WE'RE AVAILABLE
Mon - Fri: 9am - 5:30pm
CALL US NOW
0113 887 8432
August 29, 2013
By:

Capital Gains Tax - Sale of Home but is it a Residence?

Where a person sells their home the gain is typically exempt from capital gains tax under the private residence relief (PRR) provisions (formerly known as principal private residence relief or PPR).

Private residence relief is available on the sale of the taxpayers only or main residence,with the amount of relief being determined based on the length of ownership as compared to the length of occupation although certain periods of deemed occupation may also qualify for relief.

However, the recent case of Moore v HMRC TC 02827 acts as a reminder that occupation by itself is not sufficient to make a house a home - or more specifically a 'residence' for capital gains tax purposes.

Case law demonstrates that in order for a house to be a residence for these purposes there must be a degree of permanence, continuity or an expectation of continuity.

For example, in the case of Goodwin v Curtis the Court of Appeal found that there is a distinction between temporary occupation and residence of a property.  In that case the taxpayer moved into the property after placing the property on the market for sale therefore the court held that the occupation was of a temporary nature and principal private residence relief did not apply.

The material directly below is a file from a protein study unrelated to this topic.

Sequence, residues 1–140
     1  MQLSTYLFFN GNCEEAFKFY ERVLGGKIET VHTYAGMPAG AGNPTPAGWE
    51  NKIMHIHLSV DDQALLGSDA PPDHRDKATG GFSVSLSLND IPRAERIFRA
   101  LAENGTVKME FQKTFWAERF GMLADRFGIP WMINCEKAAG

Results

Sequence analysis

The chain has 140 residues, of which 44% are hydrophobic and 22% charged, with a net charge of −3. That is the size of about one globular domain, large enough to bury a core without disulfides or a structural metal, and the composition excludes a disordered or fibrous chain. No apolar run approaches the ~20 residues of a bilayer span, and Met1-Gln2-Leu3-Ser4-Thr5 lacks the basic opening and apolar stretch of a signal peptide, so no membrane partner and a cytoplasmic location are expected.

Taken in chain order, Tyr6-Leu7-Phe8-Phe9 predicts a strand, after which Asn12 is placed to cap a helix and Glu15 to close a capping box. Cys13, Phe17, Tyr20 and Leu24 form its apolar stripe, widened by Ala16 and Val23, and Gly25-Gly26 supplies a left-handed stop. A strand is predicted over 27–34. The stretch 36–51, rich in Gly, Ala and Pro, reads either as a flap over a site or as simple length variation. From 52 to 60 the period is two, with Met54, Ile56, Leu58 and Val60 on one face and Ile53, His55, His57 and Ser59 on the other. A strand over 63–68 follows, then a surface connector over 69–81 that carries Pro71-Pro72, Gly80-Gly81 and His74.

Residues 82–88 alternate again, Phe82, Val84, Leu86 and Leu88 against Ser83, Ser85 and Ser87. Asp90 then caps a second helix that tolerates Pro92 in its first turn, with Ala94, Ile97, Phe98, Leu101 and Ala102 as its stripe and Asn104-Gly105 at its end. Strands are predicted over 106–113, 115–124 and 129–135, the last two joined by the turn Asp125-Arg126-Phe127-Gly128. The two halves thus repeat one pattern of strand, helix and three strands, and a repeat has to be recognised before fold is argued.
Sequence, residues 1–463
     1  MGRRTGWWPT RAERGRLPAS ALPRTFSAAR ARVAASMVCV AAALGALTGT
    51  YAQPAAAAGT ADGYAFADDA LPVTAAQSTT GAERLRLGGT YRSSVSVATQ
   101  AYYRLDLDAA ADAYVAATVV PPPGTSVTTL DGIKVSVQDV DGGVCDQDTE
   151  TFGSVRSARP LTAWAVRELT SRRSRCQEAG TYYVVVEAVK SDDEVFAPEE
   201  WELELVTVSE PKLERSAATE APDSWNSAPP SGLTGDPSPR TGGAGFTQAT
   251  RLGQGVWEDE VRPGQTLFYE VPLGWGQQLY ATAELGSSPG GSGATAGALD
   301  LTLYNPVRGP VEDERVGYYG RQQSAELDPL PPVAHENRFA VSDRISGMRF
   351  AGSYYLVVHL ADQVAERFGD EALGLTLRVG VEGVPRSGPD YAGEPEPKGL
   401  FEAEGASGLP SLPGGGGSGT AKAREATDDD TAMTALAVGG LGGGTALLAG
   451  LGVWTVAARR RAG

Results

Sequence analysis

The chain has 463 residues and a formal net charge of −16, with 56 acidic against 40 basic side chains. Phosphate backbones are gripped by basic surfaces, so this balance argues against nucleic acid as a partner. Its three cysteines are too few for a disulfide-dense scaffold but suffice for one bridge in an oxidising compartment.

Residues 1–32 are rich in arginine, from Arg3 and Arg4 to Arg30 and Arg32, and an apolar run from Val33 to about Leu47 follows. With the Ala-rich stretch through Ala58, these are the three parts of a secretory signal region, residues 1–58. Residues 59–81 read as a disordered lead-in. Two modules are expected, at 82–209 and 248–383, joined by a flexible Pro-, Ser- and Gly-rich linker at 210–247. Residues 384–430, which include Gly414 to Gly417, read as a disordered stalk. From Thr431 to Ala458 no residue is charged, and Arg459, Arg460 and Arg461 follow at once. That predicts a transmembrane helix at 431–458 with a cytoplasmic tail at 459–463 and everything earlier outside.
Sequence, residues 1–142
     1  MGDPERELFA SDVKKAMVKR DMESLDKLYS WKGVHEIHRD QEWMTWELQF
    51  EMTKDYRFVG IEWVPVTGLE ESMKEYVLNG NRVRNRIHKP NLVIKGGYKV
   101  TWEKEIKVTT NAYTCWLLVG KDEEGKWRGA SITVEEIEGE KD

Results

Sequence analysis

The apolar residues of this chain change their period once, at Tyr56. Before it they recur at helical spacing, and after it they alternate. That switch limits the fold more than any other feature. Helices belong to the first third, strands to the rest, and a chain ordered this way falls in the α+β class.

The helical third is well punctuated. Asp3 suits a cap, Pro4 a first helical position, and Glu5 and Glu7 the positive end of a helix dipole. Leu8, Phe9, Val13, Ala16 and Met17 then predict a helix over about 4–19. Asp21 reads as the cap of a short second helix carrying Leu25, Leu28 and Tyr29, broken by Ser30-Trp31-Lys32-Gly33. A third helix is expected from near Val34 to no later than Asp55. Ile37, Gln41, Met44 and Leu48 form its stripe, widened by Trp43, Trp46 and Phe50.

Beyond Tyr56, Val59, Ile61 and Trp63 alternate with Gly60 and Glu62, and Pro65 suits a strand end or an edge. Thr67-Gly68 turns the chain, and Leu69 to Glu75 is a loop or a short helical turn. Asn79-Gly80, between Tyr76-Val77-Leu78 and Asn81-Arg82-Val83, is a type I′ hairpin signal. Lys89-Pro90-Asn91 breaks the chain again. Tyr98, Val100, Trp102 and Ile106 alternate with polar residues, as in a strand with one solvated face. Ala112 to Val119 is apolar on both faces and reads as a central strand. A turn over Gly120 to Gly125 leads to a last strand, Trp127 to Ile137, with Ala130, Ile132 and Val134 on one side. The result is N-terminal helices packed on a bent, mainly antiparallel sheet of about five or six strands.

In the Moore case, the taxpayer moved into a property that had previously been let out following a separation from his wife.  Several months later he purchased a property with his new partner and sold the property he had been living in since the separation from his wife.

The Moore case can be distinguished from Goodwin v Curtis because the taxpayer moved into the house before it was marketed for sale and lived in it for 7-8 months (compared to living in the property for 1 month after being placed on the market as in the Goodwin case), so it is perhaps somewhat surprising that the first tier tribunal found the taxpayer's occupation of the property lacked the degree of continuity required to make it his residence.

In making their decision the tribunal made particular reference to the lack of evidence, other than council tax bills, regarding the taxpayer's occupation .  Other correspondence went to both his former home and the home of his new partner.  Whilst the tribunal accepted that he had lived in the property, they felt that the lack of evidence suggested that did not intend to live in the property permanently.

An unexpected capital gains tax bill following the sale of a home is never a desirable outcome therefore client's selling their home should obtain tax advice to confirm whether they meet the conditions for private residence relief and if so the amount of relief available.

Care should also be taken to properly document changes in a client's main residence.

[blog_subscription_form]

Contact us today to discuss your tax requirements.
CONTACT US
linkedin facebook pinterest youtube rss twitter instagram facebook-blank rss-blank linkedin-blank pinterest youtube twitter instagram